Niicugni is a performance installation by Emily Johnson/ Catalyst, the second part of a trilogy of works that began with The Thank-you Bar and continues with SHORE.

"I want to be on the land my ancestors dug into, pulled from, rose up from - and fell into. I want to be on this land, listening, and I also want to let the land be." - Emily Johnson

Niicugni ― the word ― is a directive to pay attention, to listen. Niicugni the dance quietly compels such attentiveness through its layering of multiple dances, live music, stories, and histories. Housed within a light/sound installation of hand-made, functional fish-skin lanterns, Niicugni asks – can we pay attention to the ways we do and do not listen to our bodies, histories, impulses and environments? Equating the molecules of land with the cells that comprise our bodies, Niicugni is also about how land, or place, like our bodies, is a repository of past, present, and future. It holds, at once, myth and truth, magic and evil, hope and death, laughter and monsters, as well as ancestral histories and cultural identities. In the moment of each performance, Niicugni wonders if we can recognize the importance of everyone in the room? Can we see ourselves as part of the whole? Can we absorb that everyone we see is here now and will be gone?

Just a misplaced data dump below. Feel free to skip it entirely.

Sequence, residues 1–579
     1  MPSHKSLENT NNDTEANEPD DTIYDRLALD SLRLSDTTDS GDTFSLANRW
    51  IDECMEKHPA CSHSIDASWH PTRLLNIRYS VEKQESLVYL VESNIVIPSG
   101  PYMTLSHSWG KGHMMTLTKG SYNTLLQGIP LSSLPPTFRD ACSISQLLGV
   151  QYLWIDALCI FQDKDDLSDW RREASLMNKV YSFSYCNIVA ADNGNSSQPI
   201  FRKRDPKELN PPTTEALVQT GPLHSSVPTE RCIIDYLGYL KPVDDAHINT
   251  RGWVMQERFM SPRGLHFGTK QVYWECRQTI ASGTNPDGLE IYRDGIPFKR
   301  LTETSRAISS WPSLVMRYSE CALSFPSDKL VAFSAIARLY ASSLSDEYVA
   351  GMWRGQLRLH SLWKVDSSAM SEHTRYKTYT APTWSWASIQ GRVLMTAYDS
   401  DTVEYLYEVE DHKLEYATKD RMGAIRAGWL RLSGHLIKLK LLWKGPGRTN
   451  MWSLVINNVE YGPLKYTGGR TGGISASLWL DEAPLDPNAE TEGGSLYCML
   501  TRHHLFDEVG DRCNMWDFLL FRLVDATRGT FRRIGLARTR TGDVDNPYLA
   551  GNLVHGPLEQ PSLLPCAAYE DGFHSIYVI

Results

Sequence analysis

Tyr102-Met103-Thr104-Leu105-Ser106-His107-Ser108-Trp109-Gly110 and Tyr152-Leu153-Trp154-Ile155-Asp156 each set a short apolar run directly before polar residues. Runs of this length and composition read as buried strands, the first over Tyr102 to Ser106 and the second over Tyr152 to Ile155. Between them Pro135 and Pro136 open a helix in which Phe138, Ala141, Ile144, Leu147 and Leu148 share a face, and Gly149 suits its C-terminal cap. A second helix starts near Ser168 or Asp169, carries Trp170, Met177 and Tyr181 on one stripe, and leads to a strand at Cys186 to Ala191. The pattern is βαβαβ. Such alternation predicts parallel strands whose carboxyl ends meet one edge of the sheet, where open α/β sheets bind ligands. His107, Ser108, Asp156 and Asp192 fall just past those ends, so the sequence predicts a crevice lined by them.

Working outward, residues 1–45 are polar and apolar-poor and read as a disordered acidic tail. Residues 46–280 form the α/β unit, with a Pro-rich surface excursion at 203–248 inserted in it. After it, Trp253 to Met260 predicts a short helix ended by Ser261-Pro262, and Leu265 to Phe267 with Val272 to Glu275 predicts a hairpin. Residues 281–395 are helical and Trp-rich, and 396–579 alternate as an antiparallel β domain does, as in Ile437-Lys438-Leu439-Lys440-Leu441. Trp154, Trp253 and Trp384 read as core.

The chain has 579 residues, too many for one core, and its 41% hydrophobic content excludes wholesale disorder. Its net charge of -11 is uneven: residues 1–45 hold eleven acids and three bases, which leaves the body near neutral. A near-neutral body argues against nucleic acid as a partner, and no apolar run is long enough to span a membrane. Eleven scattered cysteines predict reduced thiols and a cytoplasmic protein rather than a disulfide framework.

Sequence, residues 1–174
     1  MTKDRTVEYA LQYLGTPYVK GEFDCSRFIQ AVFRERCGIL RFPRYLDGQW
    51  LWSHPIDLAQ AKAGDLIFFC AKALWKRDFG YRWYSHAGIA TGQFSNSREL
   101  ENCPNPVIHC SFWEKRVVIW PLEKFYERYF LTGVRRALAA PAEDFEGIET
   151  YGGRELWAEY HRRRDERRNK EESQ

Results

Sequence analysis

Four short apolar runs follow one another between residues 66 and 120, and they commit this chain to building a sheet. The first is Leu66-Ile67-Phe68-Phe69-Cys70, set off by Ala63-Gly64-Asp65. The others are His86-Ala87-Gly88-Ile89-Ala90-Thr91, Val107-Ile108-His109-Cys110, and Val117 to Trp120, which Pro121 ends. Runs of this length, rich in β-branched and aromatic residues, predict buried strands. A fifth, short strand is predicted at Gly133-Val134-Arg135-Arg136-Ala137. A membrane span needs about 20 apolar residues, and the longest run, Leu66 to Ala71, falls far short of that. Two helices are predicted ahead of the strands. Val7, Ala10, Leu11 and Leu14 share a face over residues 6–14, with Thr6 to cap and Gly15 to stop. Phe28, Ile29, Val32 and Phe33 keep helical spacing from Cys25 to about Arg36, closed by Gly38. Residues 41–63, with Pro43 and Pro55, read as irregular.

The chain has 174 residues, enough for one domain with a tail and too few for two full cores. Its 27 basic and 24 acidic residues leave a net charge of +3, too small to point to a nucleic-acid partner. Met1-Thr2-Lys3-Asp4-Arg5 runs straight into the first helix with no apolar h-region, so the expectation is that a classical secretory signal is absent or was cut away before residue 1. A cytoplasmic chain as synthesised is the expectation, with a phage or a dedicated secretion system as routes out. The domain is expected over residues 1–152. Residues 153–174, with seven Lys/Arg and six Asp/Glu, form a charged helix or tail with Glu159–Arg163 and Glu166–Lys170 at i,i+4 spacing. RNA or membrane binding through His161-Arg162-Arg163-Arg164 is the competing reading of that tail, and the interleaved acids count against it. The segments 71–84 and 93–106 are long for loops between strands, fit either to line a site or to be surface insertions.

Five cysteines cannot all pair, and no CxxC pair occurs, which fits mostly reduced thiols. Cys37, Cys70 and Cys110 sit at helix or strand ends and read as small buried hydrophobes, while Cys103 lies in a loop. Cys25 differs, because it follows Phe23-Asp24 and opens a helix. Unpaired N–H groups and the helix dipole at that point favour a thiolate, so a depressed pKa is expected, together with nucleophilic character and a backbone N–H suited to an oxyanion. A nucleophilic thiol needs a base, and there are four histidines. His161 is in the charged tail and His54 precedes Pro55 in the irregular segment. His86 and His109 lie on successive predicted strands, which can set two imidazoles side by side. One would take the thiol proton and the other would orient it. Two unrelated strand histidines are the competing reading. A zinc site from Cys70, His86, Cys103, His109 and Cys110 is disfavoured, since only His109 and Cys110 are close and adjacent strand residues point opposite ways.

Thank you to the volunteers in Vermont, Alaska, California, Minnesota, and Arizona who made fish skin lanterns. Quyana to Audrey Armstrong who taught me how to sew with fish-skin.

Created by Emily Johnson with James Everest
in collaboration with Aretha Aoki, Heidi Eckwall, Max Wirsting, Bethany Lacktorin
Concept, choreography, writing, and direction by Emily Johnson
Performed by Emily Johnson, Aretha Aoki, James Everest, Lynn Bechtold, and Heidi Eckwall,
Music composition and sound design by James Everest and Bethany Lacktorin; Slow Walk/Sound Boxes composed and arranged by James Everest with Joel Pickard
Lighting design by Heidi Eckwall
Costumes by Angie Vo
Company administration, dramaturgical advice, lantern maps, and prop construction: Max Wirsing
Additional set and prop construction: Jonathan Whitney
Press Representative: Janet Stapleton
Intern: Julia Bither
Fish-skin lanterns created by volunteers in Minneapolis, Vermont, Alaska, and California

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